2. Lisa
    December 3, 2011 | 11:17 pm

    Nice to know that it’s not just my family who doesn’t (ever) have the Norman Rockwell kind of Christmas.
    I made it through Thanksgiving, but barely. My older brother was as mean and nasty as ever. I tried everything you suggested, but nohing helped. I don’t think he smiled or laughed the two days he was here, and he brought everyone else down with him. What do you do when you are stuck with family members who are as mean as the devil?

    • Steve DeBenedetti-Emanuel
      December 5, 2011 | 8:23 pm

      Lisa, so sorry your brother was so difficult. You asked a really good question, and my first thought is to prepare ahead of time for his arrival. My guess is that the rest of your family feels similarly about him, so it shouldn’t be difficult for the family to commit to supporting each other when he behaves inappropriately at the event. He could feel bullied, but having the entire family call him out on his behaviors could bring about some change. My sense is that you’ll need to come together as a family at a different time of the year and discuss having a family intervention (similar to those when families confront people with their substance additions). Let him know collectively that his behavior won’t be tolerated, and he needs to make changes if he’s going to be welcome at family gatherings. Then be prepared not to invite him to the next family gathering. It sounds hostile putting him on probation, but it may be the only way to bring about changes. Your brother sounds angry and, quite possibly, depressed. My suggestion is that the family must strongly recommend counseling, hoping that he’d be able to get at some of those feelings that are so difficult for him. Hope this helps. Feel free to update me as time goes on.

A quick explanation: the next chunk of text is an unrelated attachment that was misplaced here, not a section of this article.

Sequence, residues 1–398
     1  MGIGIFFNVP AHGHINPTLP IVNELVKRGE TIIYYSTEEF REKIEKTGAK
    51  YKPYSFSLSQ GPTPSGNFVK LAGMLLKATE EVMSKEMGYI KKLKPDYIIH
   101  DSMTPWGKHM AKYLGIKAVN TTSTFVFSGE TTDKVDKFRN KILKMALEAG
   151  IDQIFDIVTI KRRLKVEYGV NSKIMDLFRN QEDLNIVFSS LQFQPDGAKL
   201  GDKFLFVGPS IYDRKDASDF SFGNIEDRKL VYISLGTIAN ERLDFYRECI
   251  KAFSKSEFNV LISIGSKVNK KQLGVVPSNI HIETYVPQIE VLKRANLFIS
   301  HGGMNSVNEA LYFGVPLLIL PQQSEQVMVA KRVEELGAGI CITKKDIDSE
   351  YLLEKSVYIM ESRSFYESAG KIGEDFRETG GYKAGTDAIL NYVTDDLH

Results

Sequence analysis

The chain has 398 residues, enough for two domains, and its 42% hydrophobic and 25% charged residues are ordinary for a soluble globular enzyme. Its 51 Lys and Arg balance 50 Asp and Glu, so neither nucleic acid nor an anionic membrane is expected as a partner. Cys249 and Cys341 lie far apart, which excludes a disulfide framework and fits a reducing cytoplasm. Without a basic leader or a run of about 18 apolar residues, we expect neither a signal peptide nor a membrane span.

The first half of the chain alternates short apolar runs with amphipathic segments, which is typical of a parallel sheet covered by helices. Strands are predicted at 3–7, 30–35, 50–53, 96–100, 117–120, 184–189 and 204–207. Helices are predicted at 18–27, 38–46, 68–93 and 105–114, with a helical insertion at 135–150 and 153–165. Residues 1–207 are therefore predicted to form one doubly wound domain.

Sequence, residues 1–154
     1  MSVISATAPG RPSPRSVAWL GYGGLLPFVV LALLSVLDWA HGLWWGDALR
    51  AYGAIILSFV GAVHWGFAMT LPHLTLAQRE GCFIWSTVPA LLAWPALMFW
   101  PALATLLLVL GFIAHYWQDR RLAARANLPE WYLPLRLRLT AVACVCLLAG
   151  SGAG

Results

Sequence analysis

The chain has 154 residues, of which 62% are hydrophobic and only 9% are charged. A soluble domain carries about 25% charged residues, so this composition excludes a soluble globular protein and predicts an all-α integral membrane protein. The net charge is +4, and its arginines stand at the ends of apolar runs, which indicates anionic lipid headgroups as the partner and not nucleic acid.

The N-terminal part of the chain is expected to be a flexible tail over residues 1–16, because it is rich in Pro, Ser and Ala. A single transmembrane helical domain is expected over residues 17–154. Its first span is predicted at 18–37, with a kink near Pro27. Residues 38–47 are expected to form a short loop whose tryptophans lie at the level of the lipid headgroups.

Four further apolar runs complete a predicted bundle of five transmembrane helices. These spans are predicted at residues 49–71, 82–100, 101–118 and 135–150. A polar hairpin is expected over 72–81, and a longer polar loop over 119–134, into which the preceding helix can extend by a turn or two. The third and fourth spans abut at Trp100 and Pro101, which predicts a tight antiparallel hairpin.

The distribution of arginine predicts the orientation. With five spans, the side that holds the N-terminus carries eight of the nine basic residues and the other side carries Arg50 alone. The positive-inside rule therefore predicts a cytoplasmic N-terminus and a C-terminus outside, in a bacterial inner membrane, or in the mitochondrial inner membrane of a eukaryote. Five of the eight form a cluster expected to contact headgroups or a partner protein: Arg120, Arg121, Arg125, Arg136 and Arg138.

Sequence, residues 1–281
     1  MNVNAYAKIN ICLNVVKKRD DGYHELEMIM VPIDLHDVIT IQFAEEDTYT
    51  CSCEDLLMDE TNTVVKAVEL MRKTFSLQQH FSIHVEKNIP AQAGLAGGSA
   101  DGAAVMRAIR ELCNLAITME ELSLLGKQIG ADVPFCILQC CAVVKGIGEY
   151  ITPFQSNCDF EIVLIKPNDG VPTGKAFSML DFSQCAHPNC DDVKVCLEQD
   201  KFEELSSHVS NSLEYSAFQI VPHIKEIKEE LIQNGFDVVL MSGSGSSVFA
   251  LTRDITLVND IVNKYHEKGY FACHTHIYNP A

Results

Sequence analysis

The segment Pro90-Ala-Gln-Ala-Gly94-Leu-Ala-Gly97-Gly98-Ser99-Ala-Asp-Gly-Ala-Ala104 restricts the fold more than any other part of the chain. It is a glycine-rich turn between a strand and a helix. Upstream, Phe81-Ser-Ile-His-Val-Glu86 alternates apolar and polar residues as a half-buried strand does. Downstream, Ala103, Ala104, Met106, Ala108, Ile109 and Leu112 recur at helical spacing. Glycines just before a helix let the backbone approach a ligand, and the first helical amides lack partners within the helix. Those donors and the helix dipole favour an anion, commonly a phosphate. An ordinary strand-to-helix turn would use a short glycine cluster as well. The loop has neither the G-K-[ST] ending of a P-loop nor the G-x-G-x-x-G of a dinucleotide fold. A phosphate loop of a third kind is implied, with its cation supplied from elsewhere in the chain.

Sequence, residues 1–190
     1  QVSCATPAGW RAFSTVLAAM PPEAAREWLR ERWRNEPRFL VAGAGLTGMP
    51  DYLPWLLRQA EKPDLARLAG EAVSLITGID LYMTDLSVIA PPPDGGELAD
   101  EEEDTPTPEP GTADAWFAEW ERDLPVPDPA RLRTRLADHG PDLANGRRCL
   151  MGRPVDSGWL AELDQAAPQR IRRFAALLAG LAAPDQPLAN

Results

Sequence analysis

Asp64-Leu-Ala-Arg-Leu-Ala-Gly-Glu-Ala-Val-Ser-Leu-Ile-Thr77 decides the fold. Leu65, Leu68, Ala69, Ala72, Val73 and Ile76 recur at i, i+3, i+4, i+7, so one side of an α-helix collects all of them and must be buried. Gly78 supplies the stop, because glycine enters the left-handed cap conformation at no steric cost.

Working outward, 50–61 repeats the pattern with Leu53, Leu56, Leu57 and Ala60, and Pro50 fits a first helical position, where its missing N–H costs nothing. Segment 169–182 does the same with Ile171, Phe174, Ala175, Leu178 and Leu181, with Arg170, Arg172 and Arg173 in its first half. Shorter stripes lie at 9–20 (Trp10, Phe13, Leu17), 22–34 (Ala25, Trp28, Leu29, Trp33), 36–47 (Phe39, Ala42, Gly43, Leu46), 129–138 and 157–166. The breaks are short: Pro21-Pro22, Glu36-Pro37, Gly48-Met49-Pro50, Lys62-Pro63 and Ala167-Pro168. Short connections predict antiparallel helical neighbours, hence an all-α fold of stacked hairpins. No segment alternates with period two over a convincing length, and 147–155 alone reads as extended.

• Lisa
        December 12, 2011 | 9:53 pm

        I’m so glad to read your response, because a few of the family members decided to let my brother go to another brother’s house out of state. Okay, I mean we called my little brother and asked him to “take one for the team.” We let my “mean” brother know that we wouldn’t be abused by him at holidays any more.
        We’ve put up with the abuse forever, so we actually feel pretty good about being proactive and not letting him spoil our Christmas.
        He was mad at first, but we explained that we love him, and we’re not happy about having to make the decision, and he seemed to be okay with that.
        Hopefully, maybe Easter, we can get together as a family without all of his drama. I’ll keep my fingers crossed! 🙂

        • Steve DeBenedetti-Emanuel
          December 12, 2011 | 10:44 pm

          Lisa: Good job. I know it’s tough to have to pass off your brother onto your other brother. But sometimes we have to make these sort of choices to keep our sanity. At a minimum, I hope your Christmas is more enjoyable than Thanksgiving. Even better would be if your entire family is able to get together at Easter. My sense that the only way this is going to happen is if you have a family intervention. After hosting him for Christmas, I’m sure your little brother will be ready to join in. If you’re all able to talk to him about your concerns and demand that he behaves more pleasantly-or he won’t be invited next time-I’m hopeful that he’d have to make changes or risk spending a holiday alone. Enjoy Christmas and good luck down the road. Keep me posted.